Australia were probably down to their third-string attack in the third Test. We’re not sure how deep ‘bench strength’ needs to be these days, but they might want to stay shallower next time they play.
This bowling attack was Australia’s choice, but Mitchell Johnson is basically a bowling machine set to ‘wide long-hop’ and he was probably the best of the bunch. Mitchell Starc went hours in the second innings without bowling a ball at the stumps and we don’t even know what John Hastings is.
We assumed Hastings was one of those all-rounders who does the donkey work and keeps it tight – the kind of player New Zealand always seem to produce – but it turns out he’s not much of a batsman and he went for plenty of runs, so we’re still pretty much in the dark.
Someone said Australia had loads of fantastic young fast bowlers
Someone’s confused ‘promising’ with ‘fantastic’. Australia have a bunch of young quicks who are being talked up by various pundits at the minute, but sometimes the general volume of talk remains the same whether there’s something to talk about or not.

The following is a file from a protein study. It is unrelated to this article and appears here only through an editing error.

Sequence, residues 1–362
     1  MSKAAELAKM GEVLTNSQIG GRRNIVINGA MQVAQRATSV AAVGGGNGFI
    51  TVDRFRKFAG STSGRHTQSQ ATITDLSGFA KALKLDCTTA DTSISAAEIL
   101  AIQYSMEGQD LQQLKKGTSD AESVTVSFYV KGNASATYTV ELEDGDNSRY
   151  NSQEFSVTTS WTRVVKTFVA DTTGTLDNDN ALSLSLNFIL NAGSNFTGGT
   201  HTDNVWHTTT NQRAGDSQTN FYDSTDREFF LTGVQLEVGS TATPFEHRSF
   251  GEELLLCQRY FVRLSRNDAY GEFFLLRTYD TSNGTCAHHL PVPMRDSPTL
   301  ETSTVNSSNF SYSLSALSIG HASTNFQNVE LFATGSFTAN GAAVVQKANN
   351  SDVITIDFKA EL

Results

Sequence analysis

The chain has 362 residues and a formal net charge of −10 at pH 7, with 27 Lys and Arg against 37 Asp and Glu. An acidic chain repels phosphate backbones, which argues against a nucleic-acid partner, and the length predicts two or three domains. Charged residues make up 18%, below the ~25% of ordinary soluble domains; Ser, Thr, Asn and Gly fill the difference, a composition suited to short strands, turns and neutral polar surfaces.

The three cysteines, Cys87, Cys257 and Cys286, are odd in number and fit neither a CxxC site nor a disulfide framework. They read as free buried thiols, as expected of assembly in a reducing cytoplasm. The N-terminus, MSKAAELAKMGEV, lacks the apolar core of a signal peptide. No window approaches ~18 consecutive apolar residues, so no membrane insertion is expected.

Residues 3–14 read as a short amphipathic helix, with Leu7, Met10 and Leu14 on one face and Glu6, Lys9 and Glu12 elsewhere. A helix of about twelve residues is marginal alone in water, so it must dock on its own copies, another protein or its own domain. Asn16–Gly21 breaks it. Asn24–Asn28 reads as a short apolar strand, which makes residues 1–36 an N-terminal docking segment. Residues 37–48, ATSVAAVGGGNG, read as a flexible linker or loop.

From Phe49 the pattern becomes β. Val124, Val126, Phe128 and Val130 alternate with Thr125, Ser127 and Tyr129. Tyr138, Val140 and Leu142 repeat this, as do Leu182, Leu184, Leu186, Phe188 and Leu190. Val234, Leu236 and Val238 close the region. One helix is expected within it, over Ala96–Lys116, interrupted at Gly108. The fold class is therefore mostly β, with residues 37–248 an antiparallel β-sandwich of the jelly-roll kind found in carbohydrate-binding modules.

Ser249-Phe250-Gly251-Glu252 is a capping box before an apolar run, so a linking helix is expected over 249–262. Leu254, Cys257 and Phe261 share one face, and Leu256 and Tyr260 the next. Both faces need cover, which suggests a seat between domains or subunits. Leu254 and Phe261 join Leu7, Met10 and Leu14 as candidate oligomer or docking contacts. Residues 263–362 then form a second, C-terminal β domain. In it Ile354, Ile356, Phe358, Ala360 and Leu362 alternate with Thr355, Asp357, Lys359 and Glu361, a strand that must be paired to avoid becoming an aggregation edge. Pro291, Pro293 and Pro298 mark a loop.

Few of these bowlers have really been tested and most can’t bowl for more than half-an-hour without fracturing a hip or contracting jaundice or something. They’re inexperienced too. They’re good bowlers, but you can’t just pick four of them and then expect to have a Test bowling attack.
What about South Africa?
They were pretty immense really. Australia threw everything at them in the second Test and they just took it. They then returned the favour in the third Test and Australia promptly crumpled like a wet paper Superman when subjected to a kryptonite barrage.